The head of the Log Cabin Republicans said this year's GOP platform is "the most anti-LGBT platform" in the history of the party (and that says something). It's a policy paper that supports the repeal of our freedom to marry, opposes the adoption of children by same-sex couples, demeans LGBT parents by implying our kids are more likely to abuse drugs and turn to crime, calls for banning transgender people from using the bathrooms that match their gender identity, and affirms dangerous and discredited conversion "therapy" to change sexual orientation.
This brings me to Trump's choice for vice president, Indiana Gov. Mike Pence, because Pence is the human embodiment of that anti-LGBT platform.
Political pundits often say a presidential candidate's choice of running mate is one of the most important decisions a candidate will make and a reflection of the would-be president's judgment. But since vice presidents typically have little influence over policy (Biden and Cheney are recent exceptions to this rule), should Pence's background and experience matter that much? In this case, it may matter more than the selection of any other vice president.
Before the job was offered to Pence, Ohio Gov. John Kasich rejected an offer to not only be Trump's running mate, but also to become "the most powerful vice president" in the history of our country by managing foreign and domestic policy (it's unclear what that would leave for Trump). Pence likely received the same offer. That should frighten LGBT people and all who believe in the promise of a free and equal nation.
Pence's long history of opposing equal rights for LGBT people includes signing Indiana's so-called religious liberty bill last year to legalize wide-scale discrimination against LGBT people. It was one of the most draconian, anti-LGBT pieces of legislation in the history of our country, enabling just about any business owner to refuse service to LGBT people. Pence is also a forceful opponent of marriage equality and a strong advocate of conversion therapy, which is outlawed in several states, and he even proposed to fund it with taxpayer dollars.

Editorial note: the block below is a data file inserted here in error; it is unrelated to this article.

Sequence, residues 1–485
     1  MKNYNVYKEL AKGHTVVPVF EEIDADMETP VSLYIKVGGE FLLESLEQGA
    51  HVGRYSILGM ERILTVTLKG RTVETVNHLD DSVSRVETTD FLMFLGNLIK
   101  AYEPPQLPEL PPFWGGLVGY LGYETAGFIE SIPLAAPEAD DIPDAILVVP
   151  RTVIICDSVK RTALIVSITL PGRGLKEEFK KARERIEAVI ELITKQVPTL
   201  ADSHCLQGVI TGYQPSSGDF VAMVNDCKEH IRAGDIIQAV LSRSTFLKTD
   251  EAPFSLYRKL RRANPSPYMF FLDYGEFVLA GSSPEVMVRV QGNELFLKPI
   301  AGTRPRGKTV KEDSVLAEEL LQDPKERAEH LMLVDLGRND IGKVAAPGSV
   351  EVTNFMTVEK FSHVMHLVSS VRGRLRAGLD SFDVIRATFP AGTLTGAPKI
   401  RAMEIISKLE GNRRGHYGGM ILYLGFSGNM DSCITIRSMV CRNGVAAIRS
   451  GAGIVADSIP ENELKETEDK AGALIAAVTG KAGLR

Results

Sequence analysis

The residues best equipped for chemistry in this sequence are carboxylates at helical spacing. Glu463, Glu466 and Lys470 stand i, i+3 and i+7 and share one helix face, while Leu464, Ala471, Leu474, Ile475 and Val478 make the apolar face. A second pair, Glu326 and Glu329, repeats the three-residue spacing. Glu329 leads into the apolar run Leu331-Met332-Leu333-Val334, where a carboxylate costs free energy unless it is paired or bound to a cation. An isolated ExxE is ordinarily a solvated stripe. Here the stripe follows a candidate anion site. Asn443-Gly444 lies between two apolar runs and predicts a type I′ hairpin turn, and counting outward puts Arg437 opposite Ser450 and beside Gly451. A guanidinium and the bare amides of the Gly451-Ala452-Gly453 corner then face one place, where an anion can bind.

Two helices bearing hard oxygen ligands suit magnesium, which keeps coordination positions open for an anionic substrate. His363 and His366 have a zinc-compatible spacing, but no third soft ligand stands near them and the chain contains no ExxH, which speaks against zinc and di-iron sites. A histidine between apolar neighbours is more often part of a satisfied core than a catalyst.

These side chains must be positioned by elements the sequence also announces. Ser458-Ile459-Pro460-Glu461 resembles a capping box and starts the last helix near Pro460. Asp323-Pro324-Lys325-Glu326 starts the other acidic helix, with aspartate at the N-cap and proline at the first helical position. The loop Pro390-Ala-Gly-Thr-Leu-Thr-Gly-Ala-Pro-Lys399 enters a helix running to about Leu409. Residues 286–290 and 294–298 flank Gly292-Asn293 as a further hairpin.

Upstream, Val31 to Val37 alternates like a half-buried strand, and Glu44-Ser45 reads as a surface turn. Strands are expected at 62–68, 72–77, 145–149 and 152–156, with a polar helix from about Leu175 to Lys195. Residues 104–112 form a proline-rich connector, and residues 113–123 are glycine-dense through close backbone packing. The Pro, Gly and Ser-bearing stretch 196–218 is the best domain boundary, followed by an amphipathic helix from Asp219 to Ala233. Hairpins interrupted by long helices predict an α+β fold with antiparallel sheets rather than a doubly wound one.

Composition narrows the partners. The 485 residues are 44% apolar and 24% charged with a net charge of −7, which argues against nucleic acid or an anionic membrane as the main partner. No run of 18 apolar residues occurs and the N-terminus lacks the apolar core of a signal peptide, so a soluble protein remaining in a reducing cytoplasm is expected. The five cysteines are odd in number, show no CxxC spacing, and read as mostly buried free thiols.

But if Trump is elected president, the greatest threat to LGBT people won't come just from the executive branch of our government; it will come from the judicial. That's because Trump has vowed to fill openings on the U.S. Supreme Court with people just like the late Justice Antonin Scalia. Scalia, who was perhaps the most anti-LGBT Justice to ever serve on the court, opposed marriage equality and anti-discrimination law, supported sodomy laws, and famously compared gay men and lesbians to murderers, child abusers, pedophiles, and people who have sex with -- and beat -- animals.
There's one opening on the Supreme Court now, and during the next president's term there are likely to be a few others. Imagine what the future of the LGBT movement will be like with three Scalias on the court. Decades of progress could be reversed.
But hey, at least Trump supports the right of people to use the bathroom of their choice, as he said on the Today show, right? No. Under a little pressure from Ted Cruz during the primary, the guy who promises to be the strongest president in the history of our country quickly flipped, saying that states should have the right to punish someone who uses a bathroom that doesn't correspond with their birth gender.
So this November, please don't be fooled by a candidate who's whispering sweet nothings in your ears and batting his eyelashes, because he's also vowing to hurt you or -- if you're an LGBT ally -- hurt those you love and care about. And please vote.
LORRI L. JEAN is the CEO of the Los Angeles LGBT Center.